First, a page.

© The Associated Press/Patrick Semansky
After the state Senate vote to approve same-sex marriage, Sen. Richard Madaleno (D-Montgomery) hugs Del. Maggie McIntosh (D-Baltimore City), left, and Del. Heather Mizeur (D-Montgomery), fellow openly gay members of the General Assembly.
Maryland will join seven states and the District in allowing same-sex marriage, ending a year-long drama in Annapolis over the legislation and expanding nationwide momentum for gay rights.
The Senate passed the measure by a vote of 25 to 22 Thursday night, and Gov. Martin O'Malley (D) has vowed to sign it into law.
To win some of the final votes needed for passage in the House of Delegates last week
, backers agreed to conditions that could help opponents place the new law on the November ballot. With polls showing the Maryland electorate
almost evenly split on the issue, a referendum all but promises another contentious battle before the issue is settled in the state.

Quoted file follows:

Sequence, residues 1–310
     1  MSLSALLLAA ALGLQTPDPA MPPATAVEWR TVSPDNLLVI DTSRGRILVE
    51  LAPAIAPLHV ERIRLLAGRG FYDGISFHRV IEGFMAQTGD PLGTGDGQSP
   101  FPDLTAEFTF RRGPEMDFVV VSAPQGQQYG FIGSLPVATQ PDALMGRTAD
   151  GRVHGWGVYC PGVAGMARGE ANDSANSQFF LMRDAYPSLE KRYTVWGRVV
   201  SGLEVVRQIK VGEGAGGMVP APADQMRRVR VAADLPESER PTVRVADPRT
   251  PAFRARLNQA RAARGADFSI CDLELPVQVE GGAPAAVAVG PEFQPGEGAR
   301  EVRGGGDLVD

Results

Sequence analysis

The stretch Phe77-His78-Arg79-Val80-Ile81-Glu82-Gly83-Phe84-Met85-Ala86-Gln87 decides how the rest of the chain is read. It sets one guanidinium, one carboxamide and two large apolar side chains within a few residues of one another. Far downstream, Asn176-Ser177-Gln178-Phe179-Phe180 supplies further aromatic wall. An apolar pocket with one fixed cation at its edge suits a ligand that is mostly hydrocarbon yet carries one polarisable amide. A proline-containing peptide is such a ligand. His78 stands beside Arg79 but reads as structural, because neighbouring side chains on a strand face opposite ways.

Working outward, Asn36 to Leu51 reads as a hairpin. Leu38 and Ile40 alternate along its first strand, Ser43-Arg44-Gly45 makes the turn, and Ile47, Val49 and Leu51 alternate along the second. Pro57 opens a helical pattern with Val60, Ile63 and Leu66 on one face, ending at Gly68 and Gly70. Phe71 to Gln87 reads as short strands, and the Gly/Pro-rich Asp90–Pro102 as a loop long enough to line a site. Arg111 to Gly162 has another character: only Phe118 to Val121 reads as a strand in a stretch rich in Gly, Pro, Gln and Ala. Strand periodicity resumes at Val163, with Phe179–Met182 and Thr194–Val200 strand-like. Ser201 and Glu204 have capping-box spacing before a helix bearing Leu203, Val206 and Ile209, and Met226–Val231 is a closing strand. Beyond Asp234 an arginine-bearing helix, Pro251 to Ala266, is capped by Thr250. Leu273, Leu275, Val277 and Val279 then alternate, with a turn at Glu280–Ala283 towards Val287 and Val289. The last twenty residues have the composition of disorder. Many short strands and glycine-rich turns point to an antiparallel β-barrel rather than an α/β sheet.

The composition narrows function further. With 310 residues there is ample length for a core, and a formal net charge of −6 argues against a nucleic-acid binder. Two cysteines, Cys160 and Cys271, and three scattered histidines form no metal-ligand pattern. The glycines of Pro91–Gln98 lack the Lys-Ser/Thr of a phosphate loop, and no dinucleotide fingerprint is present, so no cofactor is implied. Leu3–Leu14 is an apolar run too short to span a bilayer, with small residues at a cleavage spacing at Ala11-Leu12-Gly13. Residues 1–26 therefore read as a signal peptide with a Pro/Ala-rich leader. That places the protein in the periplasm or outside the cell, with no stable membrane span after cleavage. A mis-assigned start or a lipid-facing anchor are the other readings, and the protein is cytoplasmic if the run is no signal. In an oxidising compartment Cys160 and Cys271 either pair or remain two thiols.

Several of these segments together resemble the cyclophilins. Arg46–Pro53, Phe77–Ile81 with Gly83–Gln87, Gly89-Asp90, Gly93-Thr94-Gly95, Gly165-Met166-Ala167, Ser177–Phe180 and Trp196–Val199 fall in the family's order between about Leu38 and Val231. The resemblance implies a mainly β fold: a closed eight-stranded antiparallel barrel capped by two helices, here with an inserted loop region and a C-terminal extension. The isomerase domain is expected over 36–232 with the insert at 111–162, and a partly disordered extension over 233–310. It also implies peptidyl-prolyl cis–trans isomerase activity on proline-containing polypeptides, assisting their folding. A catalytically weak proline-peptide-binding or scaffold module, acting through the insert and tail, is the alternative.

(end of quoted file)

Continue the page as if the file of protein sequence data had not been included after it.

Ministers of several African American megachurches
in Prince George's County as well as conservative and Catholic groups have vowed to help repeal the measure.
The likelihood that the issue could land on the November ballot in Maryland presents a potential dilemma for President Obama. He has been heavily courting the gay community for donations and votes in his reelection campaign but has stopped short of fully embracing marriage rights. Obama has said his views are "evolving," a statement viewed by many supporters in that community as a strong hint that he will soon endorse the cause, perhaps if and when he is safely reelected.